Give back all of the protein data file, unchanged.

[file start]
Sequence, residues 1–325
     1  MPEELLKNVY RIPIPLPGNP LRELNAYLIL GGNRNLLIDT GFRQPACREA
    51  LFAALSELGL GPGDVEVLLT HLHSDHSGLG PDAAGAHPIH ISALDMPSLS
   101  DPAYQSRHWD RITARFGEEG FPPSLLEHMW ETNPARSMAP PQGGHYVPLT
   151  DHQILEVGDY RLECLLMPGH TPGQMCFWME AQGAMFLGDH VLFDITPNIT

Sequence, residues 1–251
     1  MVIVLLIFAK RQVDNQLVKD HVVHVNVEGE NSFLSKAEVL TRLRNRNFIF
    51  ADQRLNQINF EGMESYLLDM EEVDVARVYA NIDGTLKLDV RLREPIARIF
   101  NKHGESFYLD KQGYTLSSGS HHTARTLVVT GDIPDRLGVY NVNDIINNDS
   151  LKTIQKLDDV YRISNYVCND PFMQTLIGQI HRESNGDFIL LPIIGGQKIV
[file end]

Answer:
Sequence, residues 1–325
     1  MPEELLKNVY RIPIPLPGNP LRELNAYLIL GGNRNLLIDT GFRQPACREA
    51  LFAALSELGL GPGDVEVLLT HLHSDHSGLG PDAAGAHPIH ISALDMPSLS
   101  DPAYQSRHWD RITARFGEEG FPPSLLEHMW ETNPARSMAP PQGGHYVPLT
   151  DHQILEVGDY RLECLLMPGH TPGQMCFWME AQGAMFLGDH VLFDITPNIT

Sequence, residues 1–251
     1  MVIVLLIFAK RQVDNQLVKD HVVHVNVEGE NSFLSKAEVL TRLRNRNFIF
    51  ADQRLNQINF EGMESYLLDM EEVDVARVYA NIDGTLKLDV RLREPIARIF
   101  NKHGESFYLD KQGYTLSSGS HHTARTLVVT GDIPDRLGVY NVNDIINNDS
   151  LKTIQKLDDV YRISNYVCND PFMQTLIGQI HRESNGDFIL LPIIGGQKIV